Trends in environmental change and community health are difficult to communicate. Dispersed over time and space, the gradual loss of biodiversity and the quiet loss of lives to malaria or diarrheal disease rarely make the news, especially during an unprecedented era of corporate media, desensitization to suffering and fleeting attention spans. Yet the largest threats to humanity today don't have quick, easily digestible answers. They neither make an audience feel good, nor produce spectacles that catch the eye or capture the imagination. How, then, can we convince people to care?
Planetary health takes a critical look at the people, places and processes that sustain us. By examining the relationship between health and environmental change, it seeks to contextualize basic human needs, such as access to water and education, within ecologically sustainable boundaries. In some ways, film is a natural fit for disseminating messages about planetary health. Film transports viewers to another place, opening a window into the intimate lives of strangers. Its sounds and images are more accessible than text, infinitely more so than academic papers. The inclusion (and celebration!) of emotion lends it unique powers of persuasion. In other ways, however, film — held to standards of technical perfection and a linear narrative arc — is discouraged from engaging with the nuance that is inherent in environmental change and community health.
In order to take issues of planetary health as seriously as they deserve, we must confront their messiness — not only in research, but also in the stories we tell. How can the process of filmmaking serve as an opportunity to listen and learn, in addition to a means to an end? When we began this project, we knew there was 1 doctor per 7,000 people in Madagascar. A product-based approach may have centered on this fact, leading us to storyboard, extract the content we came to find and leave with a clear story. A more process-based approach — grounded in listening — revealed not only the vulnerability and need that we expected, but also a coexisting resilience and agency. Focusing solely on the lack of health care would make a strong call for action but erase the caregiving of families and the life-saving resourcefulness of traditional healers since time immemorial. Listening, in this case, also meant acknowledging the animacy of the environment, which left its fingerprints in the sounds of rain and roosters and fog on the camera lens. No, the environment’s insistent presence doesn’t contribute to a technically perfect film, but it does reflect the ways in which environmental factors shape every aspect of life in Madagascar’s rainforests.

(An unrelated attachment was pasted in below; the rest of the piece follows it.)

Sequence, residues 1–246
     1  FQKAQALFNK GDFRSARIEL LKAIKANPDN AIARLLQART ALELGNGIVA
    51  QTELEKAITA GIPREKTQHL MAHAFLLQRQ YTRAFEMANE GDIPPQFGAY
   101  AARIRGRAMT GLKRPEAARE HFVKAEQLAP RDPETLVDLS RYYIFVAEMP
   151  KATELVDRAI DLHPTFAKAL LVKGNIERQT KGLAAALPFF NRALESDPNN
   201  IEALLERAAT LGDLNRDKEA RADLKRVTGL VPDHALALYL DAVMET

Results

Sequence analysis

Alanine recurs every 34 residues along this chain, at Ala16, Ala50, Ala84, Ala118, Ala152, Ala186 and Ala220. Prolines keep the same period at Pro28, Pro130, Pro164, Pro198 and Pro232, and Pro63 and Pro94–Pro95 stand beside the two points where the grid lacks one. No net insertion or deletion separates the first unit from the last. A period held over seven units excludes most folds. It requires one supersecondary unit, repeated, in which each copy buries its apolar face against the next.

"On Our Shoulders” is an experiment in grappling with the complexities of planetary health, spanning past, present and future, near and far, subjectivity and statistics. It is bookended by Delizia’s memory of the past and Simplice’s hope for the future — two “invisible” narratives that are brought to life through animation. It introduces the health challenges of three communities in two national parks, and within them, the ways in which a nurse, a traditional healer, a clinic and MAHERY community health workers strive to care for friends and family. It aims to ground personal anecdotes in statistics about Madagascar, validating lived experiences while demonstrating their representation of broader trends. Most importantly, “On Our Shoulders” was created through the participation and support of countless people: many thanks to Sitraka Randriamahaly, for beautifully illustrating an oral tradition; to Val Razakandrainibe, for evoking a sense of time and place with his music; to Elysée Soloniaina, for intuiting and sharing the meaning of people’s words; to Anisha Mittal, Benjamin Rice, Laurel Myers, Myer Johnson-Potter, Vlad Sevostianov and Yuki Zbytovsky, for sharing the adventure and putting up with many requests to please be quiet during interviews; to Rebecca Gaal, for her mentorship, humor and empathetic approach to storytelling; to Hervet Randriamady, for his insightful suggestions and endless encouragement; to the MAHERY team and the residents of Antaravato, Marofototra and Vinanibe, for their hospitality and generosity with their time and stories; and to Christopher Golden, for his investment and trust in planetary health students that made it all possible.